Using Navigation Meshes in FatLoot

Posted by | November 01, 2013 | Programming | No Comments
Our Artificial Intelligence Engineers Nick Abreunedina and Ravi Sanampudi worked on the Navigation Mesh in Fat Loot. Here is their process in implementing this feature in the game. 
Fat Loot is a 3rd person stealth game. The goal of the player is to steal treasure from a palace while evading the guards.
Nick A and I stepped into the shoes of AI Engineers and started working on implementing behavior of the guards. One of the basic needs of a guard is the ability to traverse the game level fluidly. We did the initial implementation using Path Nodes. These are markers placed at different locations in the level. A guard is made aware of a set of Path Nodes and thus can move in between them. After a few weeks of development, our Engineer Lead Lu told us of a more advanced and natural way to traverse levels, which is through using Navigation Meshes.
I had never heard of the term before, so it was time for some good old research. My first choice (as it is for any information) was Wikipedia. Unfortunately it did not have much of a description on Navigation Meshes. Luckily, (and quite surprisingly) the Unreal website has good articles on how Navigation Meshes are constructed and used. So then I started reading pages and pages of Unreal articles (it was only about 5 pages really, but felt like a lot more, as I had to read them multiple times because they were so complex.)
There were good amount of diagrams to help understand and keep the monotony of huge blocks of text away.
Long story short, Path Nodes define paths from point to point, whereas NavMesh defines paths from an area to another area.


Once I read the whole thing and understood the concepts fairly well, I sat down to implement it in our game.
First we needed to create nav meshes in the level. This was done via UDK Editor. It’s as simple as adding a Pylon and clicking “Build Paths.”  However, to actually see the paths, we needed to press “P”. It actually took me half a day to figure that out, as it was not mentioned in any tutorial. I kept wondering why the paths were not generated and it ended up being a simple fix. Anyways, this needed to be done just once per level. Once a nav mesh is built, it is saved in the level information. It is now up to us to use the nav mesh in code. That is fairly easy too.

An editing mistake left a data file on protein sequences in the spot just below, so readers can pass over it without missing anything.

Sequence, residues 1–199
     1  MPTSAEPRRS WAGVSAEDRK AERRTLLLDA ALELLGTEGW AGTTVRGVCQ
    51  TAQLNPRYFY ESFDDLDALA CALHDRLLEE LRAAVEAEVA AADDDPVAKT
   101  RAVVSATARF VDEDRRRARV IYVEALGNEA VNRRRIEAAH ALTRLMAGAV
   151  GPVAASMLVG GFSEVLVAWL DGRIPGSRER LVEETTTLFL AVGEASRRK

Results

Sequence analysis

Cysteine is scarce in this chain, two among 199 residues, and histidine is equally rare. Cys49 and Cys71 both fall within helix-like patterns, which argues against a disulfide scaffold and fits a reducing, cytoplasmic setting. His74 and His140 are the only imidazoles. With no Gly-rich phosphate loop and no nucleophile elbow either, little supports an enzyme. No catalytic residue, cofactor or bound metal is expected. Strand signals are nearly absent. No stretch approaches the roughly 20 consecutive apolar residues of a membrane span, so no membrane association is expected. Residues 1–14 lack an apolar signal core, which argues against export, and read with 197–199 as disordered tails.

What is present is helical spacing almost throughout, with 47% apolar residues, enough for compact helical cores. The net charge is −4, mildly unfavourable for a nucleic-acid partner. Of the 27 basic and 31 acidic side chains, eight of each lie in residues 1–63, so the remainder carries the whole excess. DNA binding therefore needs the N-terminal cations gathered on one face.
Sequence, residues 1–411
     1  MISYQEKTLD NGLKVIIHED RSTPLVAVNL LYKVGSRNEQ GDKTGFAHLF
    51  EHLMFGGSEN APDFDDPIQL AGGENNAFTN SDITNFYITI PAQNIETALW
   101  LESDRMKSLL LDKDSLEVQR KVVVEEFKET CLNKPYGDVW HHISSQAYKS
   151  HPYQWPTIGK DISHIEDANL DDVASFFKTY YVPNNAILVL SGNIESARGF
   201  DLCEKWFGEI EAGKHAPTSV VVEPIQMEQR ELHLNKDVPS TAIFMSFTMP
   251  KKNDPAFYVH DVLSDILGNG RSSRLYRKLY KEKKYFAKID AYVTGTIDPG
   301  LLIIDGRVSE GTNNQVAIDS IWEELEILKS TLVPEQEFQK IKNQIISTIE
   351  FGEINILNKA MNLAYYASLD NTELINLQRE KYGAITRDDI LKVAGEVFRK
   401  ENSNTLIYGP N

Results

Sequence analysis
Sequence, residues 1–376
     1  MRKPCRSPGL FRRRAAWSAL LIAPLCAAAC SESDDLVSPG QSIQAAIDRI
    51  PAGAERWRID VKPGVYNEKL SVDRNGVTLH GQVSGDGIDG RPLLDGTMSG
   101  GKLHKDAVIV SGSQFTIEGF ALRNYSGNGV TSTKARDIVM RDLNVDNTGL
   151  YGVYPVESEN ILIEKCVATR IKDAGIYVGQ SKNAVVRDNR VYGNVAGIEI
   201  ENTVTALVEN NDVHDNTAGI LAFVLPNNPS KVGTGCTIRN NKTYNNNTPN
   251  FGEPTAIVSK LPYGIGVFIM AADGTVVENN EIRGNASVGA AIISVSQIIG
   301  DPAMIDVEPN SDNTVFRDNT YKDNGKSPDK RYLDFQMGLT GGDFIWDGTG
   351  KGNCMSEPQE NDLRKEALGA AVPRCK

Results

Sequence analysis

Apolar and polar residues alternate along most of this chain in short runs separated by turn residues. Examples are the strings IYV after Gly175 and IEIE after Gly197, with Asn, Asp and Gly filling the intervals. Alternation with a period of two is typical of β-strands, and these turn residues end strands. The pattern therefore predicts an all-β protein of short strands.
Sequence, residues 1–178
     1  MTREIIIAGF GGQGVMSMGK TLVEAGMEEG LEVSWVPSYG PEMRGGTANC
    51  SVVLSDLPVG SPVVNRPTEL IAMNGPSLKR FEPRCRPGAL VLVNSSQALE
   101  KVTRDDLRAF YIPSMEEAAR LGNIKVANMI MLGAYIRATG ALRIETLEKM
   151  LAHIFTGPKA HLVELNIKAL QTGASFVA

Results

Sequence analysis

Here’s all the code you’d need to make a guard navigate around the level using nav mesh:


Notice that there’s potentially a While(true) loop in there. The code will loop until the destination is reached. NavMesh, if used well, is pretty robust in that all accessible areas of a level can be calculated. But just for that one off occasion when it fails, we need a backup. So I set a limit to the number of searches we make per destination.


Another tweak we had to do to the basic code is to get it working not just for an Actor destination (an object in the level), but for a Vector destination (any location coordinates). For some weird reason, the library/reference code only works for Actors, which we may not always have available. The code gets a little messy when we need to check using vector3 destinations, but it had to be done. (we have an investigate state for the guard where he doesn’t move to a particular PathNode, but to any given location in the level.)

As an ending note, I’d say NavMesh is working pretty well now. But we haven’t used it’s real power, which is to set goals and constraints. That allows the guard to traverse the same area in different ways based on different conditions. That is something that cannot be achieved using PathNodes.

So here’s hoping we get to implement more cool behaviors for the guards and unleash the power of NavMesh! :)




About Lawrence Jung

Lawrence Jung is a USC MFA Interactive Media and Games student and Lead Producer of Fat Loot. He enjoys painting, watching anime and getting lost in the forest. Some of his favorite games include Teenage Mutant Ninja Turtles: Turtles in Time and Mario Kart.

Leave a Reply